Obama says he's not 'president of black America' — turns out he's right

OPINION - The idea that the nation’s first black president is not the representative of all black people should not surprise anyone...

Luther Vandross was outed as gay after his death.

In a recent interview with Black Enterprise, President Obama stated the obvious.When asked about the vocal criticism of his administration for the perceived lack of action on behalf of the black community, and more specifically black-owned businesses, the president said:

My general view has been consistent throughout, which is that I want all businesses to succeed. I want all Americans to have opportunity. I’m not the president of black America. I’m the president of the United States of America, but the programs that we have put in place have been directed at those folks who are least able to get financing through conventional means, who have been in the past locked out of opportunities that were available to everybody. So, I’ll put my track record up against anybody in terms of us putting in place broad-based programs that ultimately had a huge benefit for African American businesses.

This statement is straightforward, correct, and should not be controversial. The idea that the nation’s first black president is not the representative of all black people should not surprise anyone. The president and his administration have consistently argued that “a rising tide lifts all boats,” and passing financial reform, health care reform, and other pieces of landmark legislation that would impact African-Americans more than other groups is them making good on this notion.

This view has been slammed by outspoken critics of the president, including Dr. Cornel West, Tavis Smiley, and at times even members of the Congressional Black Caucus. While the Black Caucus has chosen to constructively criticize the administration in order to push the president on specific policy initiatives from his left flank, others have chosen instead to argue that the president should be more explicit in his own proposals and label them as part of a “black agenda.”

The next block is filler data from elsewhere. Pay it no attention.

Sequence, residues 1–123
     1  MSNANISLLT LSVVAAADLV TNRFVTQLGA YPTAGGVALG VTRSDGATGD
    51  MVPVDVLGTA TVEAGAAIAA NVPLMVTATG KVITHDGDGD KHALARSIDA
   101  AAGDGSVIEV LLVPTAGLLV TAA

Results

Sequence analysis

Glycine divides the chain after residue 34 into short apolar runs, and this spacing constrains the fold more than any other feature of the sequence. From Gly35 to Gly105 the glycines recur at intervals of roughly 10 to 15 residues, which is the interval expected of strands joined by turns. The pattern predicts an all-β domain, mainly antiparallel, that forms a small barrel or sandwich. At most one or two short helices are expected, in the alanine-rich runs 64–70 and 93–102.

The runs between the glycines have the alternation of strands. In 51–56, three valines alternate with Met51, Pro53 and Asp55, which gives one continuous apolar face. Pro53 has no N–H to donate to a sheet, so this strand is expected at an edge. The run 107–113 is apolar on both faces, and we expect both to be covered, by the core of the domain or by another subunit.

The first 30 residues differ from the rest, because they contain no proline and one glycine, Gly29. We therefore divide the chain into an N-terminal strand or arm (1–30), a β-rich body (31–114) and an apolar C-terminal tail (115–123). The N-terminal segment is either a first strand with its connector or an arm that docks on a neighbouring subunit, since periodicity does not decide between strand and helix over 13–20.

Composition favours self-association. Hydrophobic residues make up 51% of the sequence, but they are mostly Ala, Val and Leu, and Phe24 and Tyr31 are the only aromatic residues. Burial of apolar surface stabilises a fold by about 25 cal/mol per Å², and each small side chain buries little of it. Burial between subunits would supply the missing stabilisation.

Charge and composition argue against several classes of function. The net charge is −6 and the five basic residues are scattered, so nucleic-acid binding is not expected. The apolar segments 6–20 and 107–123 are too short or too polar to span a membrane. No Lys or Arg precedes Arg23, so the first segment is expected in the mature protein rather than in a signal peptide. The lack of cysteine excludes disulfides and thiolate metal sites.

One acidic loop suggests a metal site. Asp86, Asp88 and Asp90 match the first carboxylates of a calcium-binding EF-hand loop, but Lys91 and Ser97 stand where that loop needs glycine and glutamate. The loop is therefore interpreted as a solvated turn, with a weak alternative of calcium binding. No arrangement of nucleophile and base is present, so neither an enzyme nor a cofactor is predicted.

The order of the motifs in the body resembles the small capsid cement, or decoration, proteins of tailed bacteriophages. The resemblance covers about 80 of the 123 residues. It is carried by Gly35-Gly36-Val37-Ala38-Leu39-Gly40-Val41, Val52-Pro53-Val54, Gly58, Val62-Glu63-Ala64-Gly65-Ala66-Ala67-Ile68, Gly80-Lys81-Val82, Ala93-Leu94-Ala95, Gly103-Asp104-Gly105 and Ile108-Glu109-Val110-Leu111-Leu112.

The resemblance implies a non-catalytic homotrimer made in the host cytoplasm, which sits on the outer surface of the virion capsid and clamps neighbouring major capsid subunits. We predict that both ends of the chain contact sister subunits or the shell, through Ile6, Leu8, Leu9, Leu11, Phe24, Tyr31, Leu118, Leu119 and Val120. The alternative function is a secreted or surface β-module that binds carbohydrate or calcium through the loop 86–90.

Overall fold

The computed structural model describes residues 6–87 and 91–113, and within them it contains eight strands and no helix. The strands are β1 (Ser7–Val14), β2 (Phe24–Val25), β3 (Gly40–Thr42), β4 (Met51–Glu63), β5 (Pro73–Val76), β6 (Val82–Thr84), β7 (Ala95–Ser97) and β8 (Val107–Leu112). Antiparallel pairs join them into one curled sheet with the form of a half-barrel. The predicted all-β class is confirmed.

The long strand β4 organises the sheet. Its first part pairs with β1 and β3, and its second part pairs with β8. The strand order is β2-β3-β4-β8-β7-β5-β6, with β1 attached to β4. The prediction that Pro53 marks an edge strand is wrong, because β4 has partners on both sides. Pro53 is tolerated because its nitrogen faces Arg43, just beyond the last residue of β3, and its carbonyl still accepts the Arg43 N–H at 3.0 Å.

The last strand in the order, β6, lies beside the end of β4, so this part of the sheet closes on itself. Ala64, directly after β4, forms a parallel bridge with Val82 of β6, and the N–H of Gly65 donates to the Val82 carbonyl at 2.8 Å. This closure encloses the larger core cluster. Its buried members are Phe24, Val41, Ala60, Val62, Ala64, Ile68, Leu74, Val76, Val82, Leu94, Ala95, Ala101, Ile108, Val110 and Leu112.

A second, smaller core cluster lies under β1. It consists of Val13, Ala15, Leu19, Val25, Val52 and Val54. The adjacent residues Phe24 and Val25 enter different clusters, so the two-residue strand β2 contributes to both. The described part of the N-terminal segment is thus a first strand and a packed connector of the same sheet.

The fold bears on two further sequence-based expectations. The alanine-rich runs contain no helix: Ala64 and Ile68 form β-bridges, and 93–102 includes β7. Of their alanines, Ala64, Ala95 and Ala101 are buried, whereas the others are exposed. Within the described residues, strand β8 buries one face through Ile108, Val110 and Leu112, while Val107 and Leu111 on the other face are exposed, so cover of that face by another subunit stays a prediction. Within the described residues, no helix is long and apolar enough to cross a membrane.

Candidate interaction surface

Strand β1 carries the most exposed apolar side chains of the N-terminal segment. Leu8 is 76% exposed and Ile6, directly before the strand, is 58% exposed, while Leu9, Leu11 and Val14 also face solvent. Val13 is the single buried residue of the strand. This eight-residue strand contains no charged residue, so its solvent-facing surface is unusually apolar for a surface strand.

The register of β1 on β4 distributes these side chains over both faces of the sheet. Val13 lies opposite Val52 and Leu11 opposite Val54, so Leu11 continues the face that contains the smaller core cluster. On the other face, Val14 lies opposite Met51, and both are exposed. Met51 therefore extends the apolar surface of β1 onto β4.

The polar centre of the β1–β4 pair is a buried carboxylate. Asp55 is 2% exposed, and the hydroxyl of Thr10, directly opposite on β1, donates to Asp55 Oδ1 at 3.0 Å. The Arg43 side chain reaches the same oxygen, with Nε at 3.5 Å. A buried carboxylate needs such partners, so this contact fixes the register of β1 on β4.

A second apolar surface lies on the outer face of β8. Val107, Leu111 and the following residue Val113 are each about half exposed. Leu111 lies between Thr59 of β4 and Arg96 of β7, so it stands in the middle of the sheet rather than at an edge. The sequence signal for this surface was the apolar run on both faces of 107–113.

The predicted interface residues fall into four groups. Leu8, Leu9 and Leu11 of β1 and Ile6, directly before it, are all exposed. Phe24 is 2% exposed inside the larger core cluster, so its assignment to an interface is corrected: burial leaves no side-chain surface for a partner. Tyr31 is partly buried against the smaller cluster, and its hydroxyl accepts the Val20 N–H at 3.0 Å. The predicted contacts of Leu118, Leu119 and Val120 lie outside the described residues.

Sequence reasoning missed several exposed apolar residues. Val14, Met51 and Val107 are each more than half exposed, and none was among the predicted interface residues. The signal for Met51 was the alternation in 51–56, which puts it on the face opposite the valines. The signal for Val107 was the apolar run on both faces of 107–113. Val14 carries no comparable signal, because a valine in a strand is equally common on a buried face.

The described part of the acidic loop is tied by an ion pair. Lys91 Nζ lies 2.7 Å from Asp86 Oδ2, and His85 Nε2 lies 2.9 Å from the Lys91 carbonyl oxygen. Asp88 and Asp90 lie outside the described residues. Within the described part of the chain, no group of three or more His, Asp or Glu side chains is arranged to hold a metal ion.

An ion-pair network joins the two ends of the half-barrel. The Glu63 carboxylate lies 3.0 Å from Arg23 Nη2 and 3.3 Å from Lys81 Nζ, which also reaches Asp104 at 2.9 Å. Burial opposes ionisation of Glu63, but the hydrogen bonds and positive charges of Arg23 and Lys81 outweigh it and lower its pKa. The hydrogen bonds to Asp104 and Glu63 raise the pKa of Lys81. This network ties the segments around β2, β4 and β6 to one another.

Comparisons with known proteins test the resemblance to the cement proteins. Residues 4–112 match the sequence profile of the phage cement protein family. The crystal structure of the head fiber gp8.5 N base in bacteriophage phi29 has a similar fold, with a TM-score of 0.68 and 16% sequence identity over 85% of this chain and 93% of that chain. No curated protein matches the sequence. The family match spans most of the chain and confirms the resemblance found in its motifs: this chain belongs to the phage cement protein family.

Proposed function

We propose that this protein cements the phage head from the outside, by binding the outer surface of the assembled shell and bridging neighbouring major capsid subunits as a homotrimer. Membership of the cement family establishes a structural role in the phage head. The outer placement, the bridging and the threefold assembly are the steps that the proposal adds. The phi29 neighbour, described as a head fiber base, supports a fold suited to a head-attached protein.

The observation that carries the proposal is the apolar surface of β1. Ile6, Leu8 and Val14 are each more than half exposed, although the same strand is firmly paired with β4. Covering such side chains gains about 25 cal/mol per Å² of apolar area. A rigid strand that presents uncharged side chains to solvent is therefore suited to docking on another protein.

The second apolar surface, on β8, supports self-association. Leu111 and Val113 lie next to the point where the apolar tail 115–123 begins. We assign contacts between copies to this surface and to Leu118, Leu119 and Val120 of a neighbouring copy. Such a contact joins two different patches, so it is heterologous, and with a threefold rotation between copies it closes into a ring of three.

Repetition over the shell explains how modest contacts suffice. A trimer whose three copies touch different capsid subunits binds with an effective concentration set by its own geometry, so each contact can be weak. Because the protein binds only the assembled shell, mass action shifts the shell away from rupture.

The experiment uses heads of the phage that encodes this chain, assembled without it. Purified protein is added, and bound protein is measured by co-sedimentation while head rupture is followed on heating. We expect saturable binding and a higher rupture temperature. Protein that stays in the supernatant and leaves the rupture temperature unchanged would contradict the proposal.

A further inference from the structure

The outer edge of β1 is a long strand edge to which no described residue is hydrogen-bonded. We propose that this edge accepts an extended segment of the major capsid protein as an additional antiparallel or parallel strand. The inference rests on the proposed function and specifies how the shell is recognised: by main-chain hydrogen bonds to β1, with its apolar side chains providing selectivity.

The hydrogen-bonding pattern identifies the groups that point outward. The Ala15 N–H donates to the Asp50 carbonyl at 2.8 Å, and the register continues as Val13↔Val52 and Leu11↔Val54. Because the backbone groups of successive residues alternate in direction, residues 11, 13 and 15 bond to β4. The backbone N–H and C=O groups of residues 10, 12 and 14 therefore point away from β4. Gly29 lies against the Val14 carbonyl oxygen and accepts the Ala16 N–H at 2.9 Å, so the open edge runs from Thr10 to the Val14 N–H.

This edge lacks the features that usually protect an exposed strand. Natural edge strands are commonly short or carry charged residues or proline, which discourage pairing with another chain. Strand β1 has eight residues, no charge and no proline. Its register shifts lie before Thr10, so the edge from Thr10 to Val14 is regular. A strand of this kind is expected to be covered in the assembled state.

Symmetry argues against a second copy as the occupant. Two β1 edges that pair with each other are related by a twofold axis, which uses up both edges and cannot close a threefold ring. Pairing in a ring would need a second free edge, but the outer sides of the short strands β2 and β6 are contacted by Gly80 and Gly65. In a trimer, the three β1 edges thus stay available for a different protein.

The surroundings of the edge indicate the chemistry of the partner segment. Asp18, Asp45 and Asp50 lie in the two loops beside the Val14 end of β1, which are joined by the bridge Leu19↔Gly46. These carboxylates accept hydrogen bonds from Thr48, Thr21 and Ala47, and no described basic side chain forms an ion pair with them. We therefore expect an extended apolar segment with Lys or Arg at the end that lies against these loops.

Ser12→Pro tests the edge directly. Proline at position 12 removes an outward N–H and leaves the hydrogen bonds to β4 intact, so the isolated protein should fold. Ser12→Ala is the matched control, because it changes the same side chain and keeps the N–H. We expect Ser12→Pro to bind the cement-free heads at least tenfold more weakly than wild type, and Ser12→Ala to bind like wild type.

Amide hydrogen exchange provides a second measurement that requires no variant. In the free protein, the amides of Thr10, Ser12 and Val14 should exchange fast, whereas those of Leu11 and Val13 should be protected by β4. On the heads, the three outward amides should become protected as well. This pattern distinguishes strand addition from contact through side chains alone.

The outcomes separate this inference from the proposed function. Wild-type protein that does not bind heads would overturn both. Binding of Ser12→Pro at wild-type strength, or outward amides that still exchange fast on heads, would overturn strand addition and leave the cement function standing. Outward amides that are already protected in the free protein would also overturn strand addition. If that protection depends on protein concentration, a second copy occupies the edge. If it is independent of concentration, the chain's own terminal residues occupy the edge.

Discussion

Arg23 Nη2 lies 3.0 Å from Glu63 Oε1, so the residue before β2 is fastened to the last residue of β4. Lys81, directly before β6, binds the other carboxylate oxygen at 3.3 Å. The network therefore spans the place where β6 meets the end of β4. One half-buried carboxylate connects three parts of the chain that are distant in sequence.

The key is that, by not pushing for an explicitly black agenda, the Obama administration is able to achieve some lofty policy goals for African-Americans without being seen as biased to one group, creating the risk of these pieces of legislation being even more demonized by Republicans. In a political climate where Republicans are already calling Obama the “food stamp president” and already claiming he’s giving too much “free government” to African-Americans it only stands to benefit black people for the Obama administration to push policies to help them without naming it.

In majority-white audiences, this quote from the president should also not come as a surprise. Perhaps there are some right wing Republicans who view the president’s agenda as explicitly “black,” but the reality doesn’t match the rhetoric. Independent white voters also will be comforted to know that the president is not singling out specific groups of Americans as favorites and is simply doing what is best for all Americans, African-Americans included.

As president, Obama has certainly tried his best to assuage these independents with talk of bipartisanship and compromise even while enduring loud and at times valid criticism from not only African-Americans but the left at large.

Furthermore, President Obama is stating an inconvenient fact for some: he really isn’t the president of black people and never was.

The president’s historic win in 2008 was a win for the African-American community, but he was not elected to be the next Martin Luther King, Jr. From now until November, the president will make the case for why he should remain the president of all Americans. President Obama hopes that African-Americans will come along for the ride in numbers matching their enthusiasm from four years ago, despite some disappointments along the way.

Follow Zerlina Maxwell on Twitter at @zerlinamaxwell